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Durga PujaDurga Puja
Durga Puja
Durga puja is a grand festival of Bengalis. Read about Durga pooja celebrations in India.

Durga Puja Celebrations

Durga puja is a festivity that can be dated back to the ancient times. Numerous references have been made about Durga puja celebrations in the Indian literature from the 12th century onwards. The traditions remain unchanged, but the style of celebration has undergone a major transformation. In the bygone times, it was considered to be a festivity of the rich and powerful people. Read on to know more about the Durga pooja celebrations in India.

With the coming up of the concept of joining clubs, the Durga puja festival celebration has become cosmopolitan in nature. In the contemporary times, Durga puja festivity is like a grand extravaganza. Many days before the arrival of this festivity, people are full of excitement and enthusiasm. As a part of Durga pooja celebrations, beautiful pandals are erected and embellished with flowers. Conchshells and drums have a major role to play in setting the mood for festivity celebration.

Durga Puja CelebrationsAt every nook and corner, you'll find one pandal. Due to the migration of Bengalis to other parts of the country, Durga puja is now celebrated in rest parts of the country also. For the craftsmen and artisans, Durga puja is the time for earning good business. The first four days of Durga puja are very hectic and witness lot of activities like different kinds of competitions are held to energize the people. The artists get a platform to show their talent to the people and make a name for themselves.

The main celebration takes place from the sixth day, i.e. more commonly known as maha shashthi. On this day, the priest displays the deity while performing the puja. Women usually fast on this day praying for the wellbeing of their families. They break their fast in the evening time with fruits and luchis (different kind of bread made from flour). A visit to the local pandal is like a must.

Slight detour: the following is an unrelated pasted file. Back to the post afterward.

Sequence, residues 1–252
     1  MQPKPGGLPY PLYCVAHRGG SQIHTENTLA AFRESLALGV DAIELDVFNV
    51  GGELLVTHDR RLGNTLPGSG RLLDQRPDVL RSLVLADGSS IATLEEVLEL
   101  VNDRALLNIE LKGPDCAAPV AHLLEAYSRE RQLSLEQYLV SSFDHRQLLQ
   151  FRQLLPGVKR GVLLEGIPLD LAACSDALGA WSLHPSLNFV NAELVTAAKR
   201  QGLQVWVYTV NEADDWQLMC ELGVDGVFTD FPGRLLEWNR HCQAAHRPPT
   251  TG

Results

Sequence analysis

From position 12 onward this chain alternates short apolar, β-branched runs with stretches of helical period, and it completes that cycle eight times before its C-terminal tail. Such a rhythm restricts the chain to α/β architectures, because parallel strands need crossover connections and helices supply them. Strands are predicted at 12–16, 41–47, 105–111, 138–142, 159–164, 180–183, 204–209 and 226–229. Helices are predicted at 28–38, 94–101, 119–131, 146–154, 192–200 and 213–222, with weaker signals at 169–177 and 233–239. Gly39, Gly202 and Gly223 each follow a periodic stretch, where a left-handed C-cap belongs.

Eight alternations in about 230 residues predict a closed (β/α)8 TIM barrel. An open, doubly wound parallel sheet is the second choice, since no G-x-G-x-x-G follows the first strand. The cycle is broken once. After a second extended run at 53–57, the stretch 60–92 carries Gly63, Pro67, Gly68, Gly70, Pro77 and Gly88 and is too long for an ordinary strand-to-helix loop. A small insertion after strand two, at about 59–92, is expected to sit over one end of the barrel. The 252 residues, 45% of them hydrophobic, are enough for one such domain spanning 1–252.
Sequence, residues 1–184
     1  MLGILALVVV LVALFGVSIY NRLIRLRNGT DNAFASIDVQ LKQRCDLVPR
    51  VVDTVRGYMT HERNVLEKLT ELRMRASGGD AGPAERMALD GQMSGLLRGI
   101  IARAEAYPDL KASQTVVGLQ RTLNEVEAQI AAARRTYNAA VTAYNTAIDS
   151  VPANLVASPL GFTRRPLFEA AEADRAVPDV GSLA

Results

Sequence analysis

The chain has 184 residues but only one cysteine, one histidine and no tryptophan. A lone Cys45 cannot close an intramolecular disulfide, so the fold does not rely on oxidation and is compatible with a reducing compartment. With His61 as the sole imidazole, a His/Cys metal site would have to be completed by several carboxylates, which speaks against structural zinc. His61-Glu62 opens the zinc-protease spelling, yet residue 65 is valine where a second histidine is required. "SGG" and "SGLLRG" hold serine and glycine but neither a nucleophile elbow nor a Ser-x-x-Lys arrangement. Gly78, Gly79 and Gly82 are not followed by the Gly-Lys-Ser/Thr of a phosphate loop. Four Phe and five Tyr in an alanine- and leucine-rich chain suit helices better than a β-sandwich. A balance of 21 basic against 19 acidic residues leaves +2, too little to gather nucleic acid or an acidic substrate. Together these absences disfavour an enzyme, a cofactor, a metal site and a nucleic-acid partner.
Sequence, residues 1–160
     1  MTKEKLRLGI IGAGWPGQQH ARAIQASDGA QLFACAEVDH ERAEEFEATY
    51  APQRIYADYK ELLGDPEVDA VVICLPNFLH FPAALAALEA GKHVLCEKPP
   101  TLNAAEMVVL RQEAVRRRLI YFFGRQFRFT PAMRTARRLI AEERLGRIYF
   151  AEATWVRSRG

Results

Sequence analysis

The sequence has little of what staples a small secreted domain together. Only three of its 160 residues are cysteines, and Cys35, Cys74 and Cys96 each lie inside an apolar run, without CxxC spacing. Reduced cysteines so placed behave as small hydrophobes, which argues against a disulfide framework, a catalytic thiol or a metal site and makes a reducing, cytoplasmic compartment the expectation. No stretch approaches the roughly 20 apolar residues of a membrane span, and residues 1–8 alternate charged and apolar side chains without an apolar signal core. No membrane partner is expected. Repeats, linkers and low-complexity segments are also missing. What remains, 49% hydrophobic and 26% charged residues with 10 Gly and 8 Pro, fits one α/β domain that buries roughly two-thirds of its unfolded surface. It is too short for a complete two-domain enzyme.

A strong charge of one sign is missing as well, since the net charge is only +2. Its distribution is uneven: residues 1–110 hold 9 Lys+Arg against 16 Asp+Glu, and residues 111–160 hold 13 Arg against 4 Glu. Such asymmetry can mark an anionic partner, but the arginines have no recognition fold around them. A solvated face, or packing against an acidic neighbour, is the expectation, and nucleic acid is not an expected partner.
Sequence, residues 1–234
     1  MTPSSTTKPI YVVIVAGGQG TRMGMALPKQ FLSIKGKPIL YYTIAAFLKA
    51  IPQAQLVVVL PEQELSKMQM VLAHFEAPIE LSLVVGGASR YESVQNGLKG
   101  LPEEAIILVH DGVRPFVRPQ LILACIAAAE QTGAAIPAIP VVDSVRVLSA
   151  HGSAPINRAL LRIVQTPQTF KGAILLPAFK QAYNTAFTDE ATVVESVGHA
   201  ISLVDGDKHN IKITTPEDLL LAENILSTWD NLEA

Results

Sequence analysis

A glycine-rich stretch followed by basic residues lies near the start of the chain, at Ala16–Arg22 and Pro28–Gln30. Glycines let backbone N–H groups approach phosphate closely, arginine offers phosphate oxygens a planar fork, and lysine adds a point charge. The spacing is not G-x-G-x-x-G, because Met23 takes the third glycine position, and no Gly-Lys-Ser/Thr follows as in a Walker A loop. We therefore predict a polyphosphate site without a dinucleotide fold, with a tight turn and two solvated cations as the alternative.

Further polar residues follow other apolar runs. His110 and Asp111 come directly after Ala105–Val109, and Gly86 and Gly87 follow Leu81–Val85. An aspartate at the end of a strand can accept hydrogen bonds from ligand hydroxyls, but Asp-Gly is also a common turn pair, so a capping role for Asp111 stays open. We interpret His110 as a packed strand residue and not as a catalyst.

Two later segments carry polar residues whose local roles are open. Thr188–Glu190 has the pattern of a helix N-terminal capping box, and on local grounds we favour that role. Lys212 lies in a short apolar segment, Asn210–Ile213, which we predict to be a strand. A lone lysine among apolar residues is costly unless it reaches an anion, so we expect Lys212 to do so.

On the seventh day, i.e. maha saptami, people wake up early and on an empty stomach, they offer prayers to the deity. After the prayers are over, Prasad is offered to the deity. During the lunch time, special meal is served to all those, who congregate in the pandals. If you visit the pandals during the evenings, the view is very pleasing, as people with glowing faces are dressed in colorful clothes. The dazzling clothes and ornaments, spectacular lighting, beating of drums, humming of birds and chitchatting of people will set the mood for partying.

The eighth day, which is known as maha ashtami, is one of the most significant days of the Durga puja festivity. While chanting the Shlokas, the priest performs a special puja known as the sandhi puja. On this day, the reflection of the deity is seen in a bowl of water. This gives a feeling of the movement of deity. The puja is popularly known as pranpratishtha (means breathing life into the idol). By the evening, merry making is on its peak.

Pandal hopping is the favorite pastime activity during the occasion of Durga pooja. On the ninth day that is known as maha navmi, meat is served in most of the pandals as a part of Bhog. Since, it is the penultimate day of the Durga puja festival celebration, people start realizing that the festivity is about to get over. This is how the Durga puja celebration takes place in India.

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